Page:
September 30, 2022

Around the dial

I'm still having this kind of lethargic feeling, almost a sort of acedia, which is, of course, my problem and not yours, and I bring it up only because I'm not on the ball as much as usual. It could be that Classic TV & Film Café has the very answer for me, where Rick reviews Charles Bronson's action-thriller, The Stone Killer, with a standout supporting cast including Martin Balsam, Norman Fell, Stuart Margolin, and Ralph Waite. Sometimes a good shoot-out or two is just what the doctor ordered!

At Comfort TV, David continues his journey through 1970s TV with Saturday night in 1970. I've mentioned this before, but one of the most striking changes in television over the years is how Saturday, now pretty much of a wasteland, used to be one of the biggest nights of the week; you can see evidence of it here.

The Horn Section looks at an episode of the 1987-88 Stephen Cannell series J.J. Starbuck, starring an actor I've always enjoyed, Dale Robertson. Hal explains what's good and bad about the series, and why, considering its timeslot, it never really had a good chance at success.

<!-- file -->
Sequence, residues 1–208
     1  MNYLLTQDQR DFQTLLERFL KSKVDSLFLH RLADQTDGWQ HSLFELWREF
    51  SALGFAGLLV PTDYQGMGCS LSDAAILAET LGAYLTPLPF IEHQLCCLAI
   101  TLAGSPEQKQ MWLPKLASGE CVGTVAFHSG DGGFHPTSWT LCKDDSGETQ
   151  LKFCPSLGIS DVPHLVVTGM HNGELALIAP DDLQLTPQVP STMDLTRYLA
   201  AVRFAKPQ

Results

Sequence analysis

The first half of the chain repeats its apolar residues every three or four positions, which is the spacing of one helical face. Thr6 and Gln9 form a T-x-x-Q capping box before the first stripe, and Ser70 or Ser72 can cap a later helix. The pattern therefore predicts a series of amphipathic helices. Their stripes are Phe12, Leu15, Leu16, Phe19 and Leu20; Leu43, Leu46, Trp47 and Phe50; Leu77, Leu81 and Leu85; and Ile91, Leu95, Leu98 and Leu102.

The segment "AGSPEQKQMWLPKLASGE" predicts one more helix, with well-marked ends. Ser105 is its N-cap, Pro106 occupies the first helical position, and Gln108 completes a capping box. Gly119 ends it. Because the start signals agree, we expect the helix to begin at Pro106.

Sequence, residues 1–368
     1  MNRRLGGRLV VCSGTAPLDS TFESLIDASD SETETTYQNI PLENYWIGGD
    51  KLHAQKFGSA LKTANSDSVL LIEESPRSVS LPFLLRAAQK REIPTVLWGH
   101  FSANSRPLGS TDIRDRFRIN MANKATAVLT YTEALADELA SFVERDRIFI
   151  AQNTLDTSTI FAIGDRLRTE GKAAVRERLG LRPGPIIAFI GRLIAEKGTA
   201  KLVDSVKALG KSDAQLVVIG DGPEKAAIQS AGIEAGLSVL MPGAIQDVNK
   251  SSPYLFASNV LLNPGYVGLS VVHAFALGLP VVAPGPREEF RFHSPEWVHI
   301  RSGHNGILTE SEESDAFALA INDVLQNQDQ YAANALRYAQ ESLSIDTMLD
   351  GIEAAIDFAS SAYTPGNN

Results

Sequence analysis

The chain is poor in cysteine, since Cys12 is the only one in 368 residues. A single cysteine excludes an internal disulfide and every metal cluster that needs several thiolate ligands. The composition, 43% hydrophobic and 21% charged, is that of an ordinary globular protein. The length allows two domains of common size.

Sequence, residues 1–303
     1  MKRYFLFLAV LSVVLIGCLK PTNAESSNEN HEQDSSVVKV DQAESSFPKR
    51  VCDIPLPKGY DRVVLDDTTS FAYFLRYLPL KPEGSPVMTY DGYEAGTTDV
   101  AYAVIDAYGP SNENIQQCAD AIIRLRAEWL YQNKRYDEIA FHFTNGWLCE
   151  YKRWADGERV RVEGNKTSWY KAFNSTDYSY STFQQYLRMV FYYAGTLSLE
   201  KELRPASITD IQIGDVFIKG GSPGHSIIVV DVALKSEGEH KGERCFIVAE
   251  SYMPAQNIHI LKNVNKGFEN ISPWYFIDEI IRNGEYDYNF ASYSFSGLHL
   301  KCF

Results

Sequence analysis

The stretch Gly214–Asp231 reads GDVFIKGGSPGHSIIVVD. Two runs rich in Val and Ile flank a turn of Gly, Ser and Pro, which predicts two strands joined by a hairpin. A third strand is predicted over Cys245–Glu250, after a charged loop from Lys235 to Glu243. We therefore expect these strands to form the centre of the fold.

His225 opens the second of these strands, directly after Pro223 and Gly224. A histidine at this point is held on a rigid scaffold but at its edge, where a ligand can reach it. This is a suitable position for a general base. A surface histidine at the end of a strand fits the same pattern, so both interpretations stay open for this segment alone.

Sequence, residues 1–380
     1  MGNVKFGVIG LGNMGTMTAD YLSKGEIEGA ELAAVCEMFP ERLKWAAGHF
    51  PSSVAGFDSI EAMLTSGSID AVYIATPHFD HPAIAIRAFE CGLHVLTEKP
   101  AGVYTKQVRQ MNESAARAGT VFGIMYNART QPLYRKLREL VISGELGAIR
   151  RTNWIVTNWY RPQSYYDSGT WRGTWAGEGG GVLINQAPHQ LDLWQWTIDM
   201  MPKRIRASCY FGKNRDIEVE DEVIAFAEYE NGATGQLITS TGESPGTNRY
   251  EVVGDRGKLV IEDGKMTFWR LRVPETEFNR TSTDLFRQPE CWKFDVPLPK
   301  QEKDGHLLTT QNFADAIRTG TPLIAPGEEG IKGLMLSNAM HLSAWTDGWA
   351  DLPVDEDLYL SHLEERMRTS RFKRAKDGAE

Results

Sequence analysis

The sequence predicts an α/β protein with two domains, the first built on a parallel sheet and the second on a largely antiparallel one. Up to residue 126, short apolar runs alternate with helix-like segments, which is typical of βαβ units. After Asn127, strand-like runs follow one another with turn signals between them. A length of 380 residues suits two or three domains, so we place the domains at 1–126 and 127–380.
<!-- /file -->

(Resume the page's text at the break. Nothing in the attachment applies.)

The Young Ones is a British series that used to run on MTV, and a series I never got into, but at Cult TV Blog, John as a good rundown on a particular feature of the series: someone called "The Fifth Horseman." Intrigued? You should be.

On Monday, Terence celebrated the 60th anniversary of the legendary sitcom The Beverly Hillbillies with a very good review of the series over at A Shroud of Thoughts. It's a show that has popped up here frequently, with authors from Dan Budnik to Malcom Muggeridge discussing its meaning; Terence's article is a welcome addition.

That should keep you busy for awhile, and in the meantime, I'll try to figure out if maybe I'm just plain lazy. TV  

1 comment:

  1. Acedia is one of those offbeat subjects that fascinate me. I don't buy John Cassian's remedy of work, although manual labour may make a hormonal change which would temporarily relieve it and I think your location of the problem as being ones own must be correct. My own solution has been to make acedia my life's work. See, it's no longer a problem!


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